I also knew that I loved people, communication, and impact, I want those things to define me. This role with TMX would allow me to interact with people all the time and was small enough of a company where I could really make an impact.
Stefan Kollenberg: So you say “I help entrepreneurs by day and become one by night” Tell me more about your entrepreneurial journey so far.
George Khalife: I always had these personal initiatives on the side but a lot of it is for the purpose of self-discovery. My motto throughout life has been “If I don’t understand it, try it and figure it out along the way.” So over the past few years, I’ve worked on a blog, podcast, public speaking, and a business.
I originally created the blog so I could develop my own platform to share my message from. As I started growing this I came across a lot of motivational speakers that really pumped me up and thought, why not take this to the next level and start speaking as well?
So at this point, I started creating motivational videos on Youtube. I didn’t have a huge reach or anything, but through that channel, people would reach out and tell me “You just connect well with people, you’re a natural networker.” Taking that feedback I shifted gears and started my podcast “Let’s Grab Coffee”.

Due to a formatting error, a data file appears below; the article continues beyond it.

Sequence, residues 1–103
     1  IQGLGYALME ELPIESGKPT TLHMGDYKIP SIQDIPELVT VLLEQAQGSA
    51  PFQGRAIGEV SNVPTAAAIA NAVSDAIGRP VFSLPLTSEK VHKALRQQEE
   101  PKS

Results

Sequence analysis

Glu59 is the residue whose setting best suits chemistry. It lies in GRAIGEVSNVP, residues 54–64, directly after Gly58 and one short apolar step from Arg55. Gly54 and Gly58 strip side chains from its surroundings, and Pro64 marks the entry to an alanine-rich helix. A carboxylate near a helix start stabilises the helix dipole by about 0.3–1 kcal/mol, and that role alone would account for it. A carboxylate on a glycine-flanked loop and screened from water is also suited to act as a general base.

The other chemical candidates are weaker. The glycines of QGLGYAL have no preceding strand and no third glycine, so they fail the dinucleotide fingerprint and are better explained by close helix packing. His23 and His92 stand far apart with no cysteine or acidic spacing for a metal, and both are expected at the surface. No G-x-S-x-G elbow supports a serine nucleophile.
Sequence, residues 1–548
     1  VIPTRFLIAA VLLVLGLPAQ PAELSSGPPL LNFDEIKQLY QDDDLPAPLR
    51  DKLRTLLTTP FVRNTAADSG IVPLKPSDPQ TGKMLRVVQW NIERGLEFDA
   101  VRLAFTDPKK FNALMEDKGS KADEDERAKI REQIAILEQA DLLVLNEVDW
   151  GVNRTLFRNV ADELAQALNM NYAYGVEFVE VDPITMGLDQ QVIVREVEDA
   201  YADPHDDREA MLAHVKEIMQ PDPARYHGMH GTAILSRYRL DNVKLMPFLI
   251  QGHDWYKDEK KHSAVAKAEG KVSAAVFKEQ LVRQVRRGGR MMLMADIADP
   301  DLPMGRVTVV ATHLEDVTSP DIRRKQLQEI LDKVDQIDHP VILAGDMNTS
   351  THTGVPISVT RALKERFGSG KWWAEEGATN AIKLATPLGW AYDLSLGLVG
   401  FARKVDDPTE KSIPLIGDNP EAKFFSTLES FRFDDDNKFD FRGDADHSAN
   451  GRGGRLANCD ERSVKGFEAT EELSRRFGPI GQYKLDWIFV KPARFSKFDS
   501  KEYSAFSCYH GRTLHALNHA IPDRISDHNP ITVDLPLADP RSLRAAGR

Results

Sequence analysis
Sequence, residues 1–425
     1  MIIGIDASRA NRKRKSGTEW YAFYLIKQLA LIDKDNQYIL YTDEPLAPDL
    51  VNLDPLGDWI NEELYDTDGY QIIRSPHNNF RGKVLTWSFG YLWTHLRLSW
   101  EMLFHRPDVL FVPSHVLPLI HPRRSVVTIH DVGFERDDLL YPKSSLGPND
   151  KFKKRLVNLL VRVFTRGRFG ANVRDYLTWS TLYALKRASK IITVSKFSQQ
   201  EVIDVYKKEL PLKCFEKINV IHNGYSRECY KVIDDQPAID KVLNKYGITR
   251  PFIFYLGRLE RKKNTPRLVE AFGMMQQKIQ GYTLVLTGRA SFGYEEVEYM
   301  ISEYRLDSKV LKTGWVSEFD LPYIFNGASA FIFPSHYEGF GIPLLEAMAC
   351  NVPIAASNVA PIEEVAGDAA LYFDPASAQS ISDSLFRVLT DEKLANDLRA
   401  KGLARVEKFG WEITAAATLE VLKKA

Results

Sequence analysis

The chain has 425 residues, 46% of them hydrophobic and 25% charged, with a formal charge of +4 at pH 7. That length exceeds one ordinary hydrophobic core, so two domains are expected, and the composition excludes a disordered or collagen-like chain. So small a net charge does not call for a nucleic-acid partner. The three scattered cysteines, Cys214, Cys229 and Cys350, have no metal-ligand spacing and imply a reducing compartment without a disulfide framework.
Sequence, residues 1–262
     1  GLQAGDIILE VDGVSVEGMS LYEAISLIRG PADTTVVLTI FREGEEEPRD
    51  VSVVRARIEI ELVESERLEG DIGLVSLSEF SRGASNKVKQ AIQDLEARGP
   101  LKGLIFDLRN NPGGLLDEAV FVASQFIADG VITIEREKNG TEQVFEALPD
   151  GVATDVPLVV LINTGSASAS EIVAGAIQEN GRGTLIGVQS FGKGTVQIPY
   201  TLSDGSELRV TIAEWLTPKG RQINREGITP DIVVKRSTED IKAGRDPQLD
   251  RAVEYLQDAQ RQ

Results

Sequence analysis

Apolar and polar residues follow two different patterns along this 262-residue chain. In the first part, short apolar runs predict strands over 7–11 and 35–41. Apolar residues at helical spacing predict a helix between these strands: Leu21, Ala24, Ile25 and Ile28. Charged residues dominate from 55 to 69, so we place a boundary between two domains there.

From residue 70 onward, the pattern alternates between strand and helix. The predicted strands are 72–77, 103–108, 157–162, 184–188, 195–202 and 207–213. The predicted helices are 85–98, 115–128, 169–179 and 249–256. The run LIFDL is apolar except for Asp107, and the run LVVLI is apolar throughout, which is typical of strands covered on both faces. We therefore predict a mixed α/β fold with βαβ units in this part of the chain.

After the rotational program with TMX I moved into a sales role in the capital venture department and a lot of my job is working with entrepreneurs. I needed to understand the struggle that entrepreneurs go through in order to help them, so I started BookBack alongside two of my co-founders. It’s an app for university students to sell, buy and trade books and actually just got the first Beta version today.
It came about because when I was in university buying textbooks was a painful process, I was using Facebook groups or Kijiji and it never went well. When I asked some friends two years later if it had changed at all they said no, so we felt this was a good problem to tackle. For now, we’re continuing to test it out and experiment and we’ll see where it goes – my biggest priority is learning from the experience.